Uprise CTO Brian Gagnon recently gave a live webinar focused on misconceptions about the cloud and on-prem IT solutions and how companies need to take a more nuanced look to determine the best approach for their business. Our last blog highlights the overall trends as well as the pros and cons of both the cloud and on-premises.
Following the webinar, the audience had some great questions. Here are those questions and Brian’s answers. (You can also view the webinar here.)
Q. We currently use AWS for everything, and all our apps are SaaS. Should we consider moving some of that to our office?
A. Great question! There is no denying cloud infrastructure and SaaS are great plays if you are just starting a business. Cost doesn’t always scale for all aspects of infrastructure and business size, however. If you have a skilled technologist or partner, and depending on your size, it may make sense to consider localizing some functions of what you have in AWS. Areas to explore would be storing a cached copy of frequently used files locally, and perhaps an authentication server/device, since you’ll need a firewall anyway for an office. Make sure you consider single points of failure and business continuity before evaluating this.
Q. We are partway to moving all our servers to the cloud and are a bit surprised with pricing. Am I missing something?
A. Typically, companies have not done a great job capturing CAPEX and OPEX together for any given function of IT. Couple this with not fully funding proper maintenance, upgrades, and security and there is typically a gap in the cost model. Electricity and cooling, as well as racks, office real estate, and proper support staff to maintain it all, are also forgotten. With all that said, there are some functions that make sense to consider keeping onsite. Things like storage, virtualized systems with ample redundancy, and even dev test instances in some cases make perfect sense if you have landed cost in a data center already.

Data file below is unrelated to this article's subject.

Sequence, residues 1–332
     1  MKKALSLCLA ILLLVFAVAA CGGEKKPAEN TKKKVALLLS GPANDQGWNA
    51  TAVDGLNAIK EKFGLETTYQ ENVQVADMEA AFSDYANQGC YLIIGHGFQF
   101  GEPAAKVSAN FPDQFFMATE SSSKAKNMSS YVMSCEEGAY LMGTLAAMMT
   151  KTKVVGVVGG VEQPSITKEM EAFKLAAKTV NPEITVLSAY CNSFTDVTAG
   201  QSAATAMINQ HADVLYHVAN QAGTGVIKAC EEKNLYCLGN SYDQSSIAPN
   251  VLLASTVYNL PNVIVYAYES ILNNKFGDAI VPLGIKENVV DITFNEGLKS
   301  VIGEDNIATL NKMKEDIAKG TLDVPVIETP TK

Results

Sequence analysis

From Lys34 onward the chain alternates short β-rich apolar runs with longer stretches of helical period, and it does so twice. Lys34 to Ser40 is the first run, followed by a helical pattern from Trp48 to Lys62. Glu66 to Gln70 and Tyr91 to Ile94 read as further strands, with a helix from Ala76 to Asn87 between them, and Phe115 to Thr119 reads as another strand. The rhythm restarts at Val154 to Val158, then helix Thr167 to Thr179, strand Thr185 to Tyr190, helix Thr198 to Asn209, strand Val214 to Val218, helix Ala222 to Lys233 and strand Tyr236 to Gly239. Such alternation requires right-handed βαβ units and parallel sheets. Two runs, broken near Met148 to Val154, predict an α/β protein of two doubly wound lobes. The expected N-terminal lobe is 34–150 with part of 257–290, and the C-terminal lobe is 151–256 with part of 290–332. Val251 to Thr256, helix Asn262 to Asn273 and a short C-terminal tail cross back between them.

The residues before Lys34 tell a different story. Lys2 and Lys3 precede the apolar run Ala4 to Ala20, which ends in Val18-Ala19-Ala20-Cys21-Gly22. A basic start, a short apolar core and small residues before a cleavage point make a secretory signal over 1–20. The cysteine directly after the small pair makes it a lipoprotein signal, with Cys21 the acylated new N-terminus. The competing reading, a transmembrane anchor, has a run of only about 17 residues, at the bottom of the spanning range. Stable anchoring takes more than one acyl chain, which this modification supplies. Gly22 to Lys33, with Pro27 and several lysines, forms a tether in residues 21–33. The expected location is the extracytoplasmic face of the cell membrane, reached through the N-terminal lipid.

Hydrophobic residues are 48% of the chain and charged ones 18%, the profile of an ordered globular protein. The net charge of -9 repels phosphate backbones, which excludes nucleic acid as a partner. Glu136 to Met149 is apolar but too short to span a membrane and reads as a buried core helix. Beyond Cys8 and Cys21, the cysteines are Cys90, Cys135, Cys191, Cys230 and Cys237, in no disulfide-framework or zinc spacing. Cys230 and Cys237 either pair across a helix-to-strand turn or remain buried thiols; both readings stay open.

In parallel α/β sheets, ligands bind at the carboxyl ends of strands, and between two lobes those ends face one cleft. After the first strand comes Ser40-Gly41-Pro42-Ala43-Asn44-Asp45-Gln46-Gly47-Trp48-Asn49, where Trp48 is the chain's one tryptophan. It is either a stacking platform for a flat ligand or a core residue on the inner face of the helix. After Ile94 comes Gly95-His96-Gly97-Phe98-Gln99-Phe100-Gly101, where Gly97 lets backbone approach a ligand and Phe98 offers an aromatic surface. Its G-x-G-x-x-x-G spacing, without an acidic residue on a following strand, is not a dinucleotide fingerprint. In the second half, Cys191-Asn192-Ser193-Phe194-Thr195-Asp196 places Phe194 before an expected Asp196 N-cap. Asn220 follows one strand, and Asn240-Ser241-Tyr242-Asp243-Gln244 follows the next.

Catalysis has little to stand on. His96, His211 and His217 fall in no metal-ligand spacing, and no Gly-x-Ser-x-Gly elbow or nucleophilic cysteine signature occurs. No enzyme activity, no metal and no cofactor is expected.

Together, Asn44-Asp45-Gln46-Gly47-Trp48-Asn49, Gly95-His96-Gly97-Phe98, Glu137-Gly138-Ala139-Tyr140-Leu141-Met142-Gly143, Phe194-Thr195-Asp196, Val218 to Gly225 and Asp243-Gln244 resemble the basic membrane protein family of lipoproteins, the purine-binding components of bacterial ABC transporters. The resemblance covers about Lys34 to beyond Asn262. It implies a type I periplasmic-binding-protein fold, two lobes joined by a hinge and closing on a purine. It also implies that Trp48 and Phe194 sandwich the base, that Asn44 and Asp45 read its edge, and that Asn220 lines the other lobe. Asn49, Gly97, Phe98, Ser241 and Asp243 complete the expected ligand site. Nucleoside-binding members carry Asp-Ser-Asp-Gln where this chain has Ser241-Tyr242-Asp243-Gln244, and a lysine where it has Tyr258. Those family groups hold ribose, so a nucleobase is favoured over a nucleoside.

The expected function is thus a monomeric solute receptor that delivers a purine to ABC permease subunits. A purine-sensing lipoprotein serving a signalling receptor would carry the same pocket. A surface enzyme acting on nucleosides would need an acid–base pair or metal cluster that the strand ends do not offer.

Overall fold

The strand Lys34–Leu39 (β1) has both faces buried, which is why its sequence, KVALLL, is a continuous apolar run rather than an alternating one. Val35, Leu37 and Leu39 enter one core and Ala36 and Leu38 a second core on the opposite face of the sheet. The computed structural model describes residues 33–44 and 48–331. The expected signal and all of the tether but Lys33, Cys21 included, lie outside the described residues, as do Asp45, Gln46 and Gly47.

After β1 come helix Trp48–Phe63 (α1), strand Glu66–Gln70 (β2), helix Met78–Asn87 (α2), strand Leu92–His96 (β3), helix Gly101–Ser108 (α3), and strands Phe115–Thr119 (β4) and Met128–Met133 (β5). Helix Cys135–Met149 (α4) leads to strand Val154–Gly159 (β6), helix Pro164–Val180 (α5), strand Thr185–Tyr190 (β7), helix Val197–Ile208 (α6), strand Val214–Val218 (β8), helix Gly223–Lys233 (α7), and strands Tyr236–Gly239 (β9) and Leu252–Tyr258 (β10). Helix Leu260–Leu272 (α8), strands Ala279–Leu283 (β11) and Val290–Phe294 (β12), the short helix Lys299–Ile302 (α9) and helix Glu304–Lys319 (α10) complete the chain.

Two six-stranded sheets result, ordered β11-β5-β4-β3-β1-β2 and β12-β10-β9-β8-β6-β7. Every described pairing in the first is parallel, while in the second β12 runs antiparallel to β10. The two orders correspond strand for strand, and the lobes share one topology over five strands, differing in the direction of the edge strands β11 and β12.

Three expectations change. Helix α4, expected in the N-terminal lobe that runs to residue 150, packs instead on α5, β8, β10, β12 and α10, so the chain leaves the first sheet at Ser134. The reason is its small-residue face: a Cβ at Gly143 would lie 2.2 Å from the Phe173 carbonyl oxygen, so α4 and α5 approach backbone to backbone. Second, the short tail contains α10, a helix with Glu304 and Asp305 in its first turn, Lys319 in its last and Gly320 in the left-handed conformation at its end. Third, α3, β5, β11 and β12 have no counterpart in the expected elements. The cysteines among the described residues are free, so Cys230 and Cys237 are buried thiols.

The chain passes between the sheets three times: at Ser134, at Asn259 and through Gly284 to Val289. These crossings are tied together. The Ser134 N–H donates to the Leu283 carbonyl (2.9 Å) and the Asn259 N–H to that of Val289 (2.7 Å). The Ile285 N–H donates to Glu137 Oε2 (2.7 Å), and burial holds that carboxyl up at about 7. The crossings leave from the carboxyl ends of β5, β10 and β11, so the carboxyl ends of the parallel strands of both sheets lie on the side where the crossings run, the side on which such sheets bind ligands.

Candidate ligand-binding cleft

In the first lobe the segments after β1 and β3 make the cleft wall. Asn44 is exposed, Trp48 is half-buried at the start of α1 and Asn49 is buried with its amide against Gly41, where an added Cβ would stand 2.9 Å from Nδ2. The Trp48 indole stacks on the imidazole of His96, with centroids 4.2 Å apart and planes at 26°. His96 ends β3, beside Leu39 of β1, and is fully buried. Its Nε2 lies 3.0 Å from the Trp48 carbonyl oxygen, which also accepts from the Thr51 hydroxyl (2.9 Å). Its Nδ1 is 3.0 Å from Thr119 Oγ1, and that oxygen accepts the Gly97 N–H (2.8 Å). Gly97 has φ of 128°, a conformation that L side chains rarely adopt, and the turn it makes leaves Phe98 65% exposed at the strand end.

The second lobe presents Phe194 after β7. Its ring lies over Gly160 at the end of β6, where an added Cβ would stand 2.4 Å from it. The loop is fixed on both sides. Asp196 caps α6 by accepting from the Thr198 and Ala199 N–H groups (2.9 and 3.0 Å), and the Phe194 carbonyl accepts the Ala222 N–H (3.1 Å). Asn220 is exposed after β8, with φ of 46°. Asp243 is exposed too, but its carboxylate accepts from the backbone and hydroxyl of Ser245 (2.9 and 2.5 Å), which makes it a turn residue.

Q. Should we be multi-cloud? How do we do that to get the best price?
A. Being “multi-cloud” is an ever-increasing and important consideration as companies plan for IT infrastructure, just as including on-prem is. Cloud lock-in is real, and to truly be able to take advantage of hybrid or multi-cloud, one must carefully evaluate the use of the more proprietary portions of a cloud stack. Things like Firebase, lambda functions, CDN configurations, etc. can vary wildly in how open the standards are. VMs should typically be able to migrate easily. Networking is typically much more challenging to configure in a multi-cloud architecture and does have costs involved. The great news is there are plenty of platforms in the market that can make the use of on-prem and multi-cloud a possibility with proper architectural considerations.
Q. Are you saying that it’s cheaper to stay out of the cloud?
A. Absolutely not! We wanted to highlight that like most anything, all your eggs in one basket can be a costly decision if you fail to consider the alternatives. Many VARs and MSPs quickly jumped on the cloud bandwagon because it was just another thing to sell, and they didn’t want to get left out. Reality lies somewhere in the middle and depends on a business’ needs and where the mix is right for cost, flexibility, scaling, and resiliency. There are many places where a properly architected on-prem solution is much cheaper than a similar cloud offering, but old architectures still need to be re-architected for on-prem to make any sense at all.
If you have any questions about the cloud or on-premises solutions and want to talk through what’s best for your business, please reach out.
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